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Exam A


 Case 3:


woman goes on a trail ride while a guest at a ranch. She observed that the saddle of the horse


assigned to her “looked old and in disrepair.” She informs one of the wranglers of “the potential prob- lem,” but rides in the saddle without incident to a site where the group dismounts for a picnic break. When the group is ready to resume their ride, the woman at- tempts to remount. Her horse’s saddle comes off and she falls to the ground, injuring her leg. While lying on the ground after the fall, the woman notices that the cinch “looks worn or threadbare.” The injured woman sues and the


ranch asks the court to dismiss the case pursuant to the state’s equine immunity statute.


What is the outcome? a) The case must go to trial so a jury


can determine whether the ranch did all it could to prevent the accident. b) The case must go to trial because the saddle may have been “faulty equipment.” c) The case must be dismissed be- cause falling off a horse is an “inherent risk” of trail riding. d) The case must be dismissed because saddles may


slip, and these are risks inherent to riding that may re- sult in a fall.


The case will go to trial. The court ruled that a jury would have to decide whether the saddle or equipment provided to the woman was in fact faulty, and whether the wran- gler’s “inaction” in the face of the woman’s reports of a problem with her saddle rose to the level of “wanton or willful disregard” for the woman’s safety. The answer is b.


 Case 4: A


hotel guest and four others sign up for a guided trail ride. Before setting out, the guest signs a


release which advises her of the risks associated with horseback riding. The resort has also posted in multiple locations signs warning of the inherent risks associated with horseback riding. The guest falls off the back of her horse when it in-


64 September/October 2018


How Well Do You Know Equine Law?


creased its speed to catch up to the horse in front of it. The guest is injured. She blames the accident on the guide for allowing the horses on the ride to get too far apart, and for not stopping and waiting for the gaps between the horses to close before moving ahead of the group. The guest and her husband sue the resort for ordi-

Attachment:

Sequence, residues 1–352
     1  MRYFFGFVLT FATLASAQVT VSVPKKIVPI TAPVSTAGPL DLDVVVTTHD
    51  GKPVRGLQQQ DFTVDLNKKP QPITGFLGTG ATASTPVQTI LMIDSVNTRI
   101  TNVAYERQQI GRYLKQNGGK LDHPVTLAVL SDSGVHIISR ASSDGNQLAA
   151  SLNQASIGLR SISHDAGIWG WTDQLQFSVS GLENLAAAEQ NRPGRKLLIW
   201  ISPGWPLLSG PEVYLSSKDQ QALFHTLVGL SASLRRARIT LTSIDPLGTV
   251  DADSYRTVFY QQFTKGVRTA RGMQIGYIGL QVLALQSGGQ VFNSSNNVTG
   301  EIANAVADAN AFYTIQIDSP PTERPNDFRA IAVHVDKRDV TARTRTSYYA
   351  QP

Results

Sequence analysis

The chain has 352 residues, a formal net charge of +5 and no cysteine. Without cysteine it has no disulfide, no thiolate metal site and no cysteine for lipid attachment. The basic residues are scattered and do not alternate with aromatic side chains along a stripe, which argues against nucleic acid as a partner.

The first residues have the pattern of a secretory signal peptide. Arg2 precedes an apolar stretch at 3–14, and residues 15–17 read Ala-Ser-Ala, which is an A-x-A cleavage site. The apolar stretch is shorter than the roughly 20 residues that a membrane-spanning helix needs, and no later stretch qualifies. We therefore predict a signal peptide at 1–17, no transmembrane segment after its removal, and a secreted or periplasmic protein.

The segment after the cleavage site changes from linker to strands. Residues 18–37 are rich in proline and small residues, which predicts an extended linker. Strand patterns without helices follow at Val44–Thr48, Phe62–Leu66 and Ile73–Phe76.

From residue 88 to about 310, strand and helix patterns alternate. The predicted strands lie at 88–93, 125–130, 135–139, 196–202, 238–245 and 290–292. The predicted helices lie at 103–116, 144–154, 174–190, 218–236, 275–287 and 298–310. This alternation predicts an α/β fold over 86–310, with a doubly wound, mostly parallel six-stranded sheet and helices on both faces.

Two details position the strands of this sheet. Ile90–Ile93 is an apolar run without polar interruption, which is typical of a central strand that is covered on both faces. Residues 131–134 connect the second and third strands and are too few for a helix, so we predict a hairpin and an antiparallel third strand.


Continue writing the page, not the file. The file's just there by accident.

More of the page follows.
nary and gross negligence. The resort asks the court to dismiss the lawsuit on the basis that the guest had signed a release.


What is the outcome? a) The case must go to trial so


a jury can determine whether the guide did all that could be done to prevent the accident. b) The case must go to trial be- cause the woman rented the horse. c) The case must be dismissed. d) The case must go to trial so a


jury can determine if the release is valid.


As to the gross negligence claim, the court held dismissal was properly granted because “reasonable minds


could not conclude that the [guide] demonstrated care- lessness or recklessness to a degree that shows utter indif- ference to the consequences.” The guest failed to present anything “beyond speculation” that the guide’s handling of the ride was “so dangerous relative to the existing risk… As to evince ‘utter disregard’ for the safety of the riders.” In the absence of gross negligence, the release the woman signed barred her ordinary negligence claim. The answer is c, the case must be dismissed.


Krysia Carmel Nelson is a Virginia at- torney who is a nationally-recognized expert in equine law. She represents horse owners, trainers, riders, breeders, equestrian facilities, farms, clubs and associations across all nationally and internationally recognized disciplines. She currently rides and competes her Hanoverian Affirmed on Appeal in the amateur hunters. She can be reached at eqlaw@aol.com.


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© The Book LLC 2011


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